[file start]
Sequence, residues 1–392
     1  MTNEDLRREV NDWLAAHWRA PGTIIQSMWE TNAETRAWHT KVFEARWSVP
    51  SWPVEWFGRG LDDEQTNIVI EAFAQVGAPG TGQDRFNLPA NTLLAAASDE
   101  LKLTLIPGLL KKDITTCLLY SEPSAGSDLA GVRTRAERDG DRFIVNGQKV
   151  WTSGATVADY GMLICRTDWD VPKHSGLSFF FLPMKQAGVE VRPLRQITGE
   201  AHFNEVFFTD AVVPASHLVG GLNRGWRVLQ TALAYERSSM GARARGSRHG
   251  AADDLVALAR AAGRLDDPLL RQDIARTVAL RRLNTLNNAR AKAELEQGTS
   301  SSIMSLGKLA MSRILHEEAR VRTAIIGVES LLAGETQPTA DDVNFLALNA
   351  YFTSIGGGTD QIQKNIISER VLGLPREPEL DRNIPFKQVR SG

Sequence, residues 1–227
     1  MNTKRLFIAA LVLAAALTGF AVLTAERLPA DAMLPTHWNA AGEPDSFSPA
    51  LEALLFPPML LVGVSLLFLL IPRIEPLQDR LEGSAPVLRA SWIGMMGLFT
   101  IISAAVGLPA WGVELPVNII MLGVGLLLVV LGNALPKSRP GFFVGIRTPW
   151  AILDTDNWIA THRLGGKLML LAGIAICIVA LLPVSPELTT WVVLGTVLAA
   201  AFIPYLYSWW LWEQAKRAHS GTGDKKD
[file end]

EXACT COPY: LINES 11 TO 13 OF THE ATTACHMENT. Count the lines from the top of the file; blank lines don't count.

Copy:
     1  MNTKRLFIAA LVLAAALTGF AVLTAERLPA DAMLPTHWNA AGEPDSFSPA
    51  LEALLFPPML LVGVSLLFLL IPRIEPLQDR LEGSAPVLRA SWIGMMGLFT
   101  IISAAVGLPA WGVELPVNII MLGVGLLLVV LGNALPKSRP GFFVGIRTPW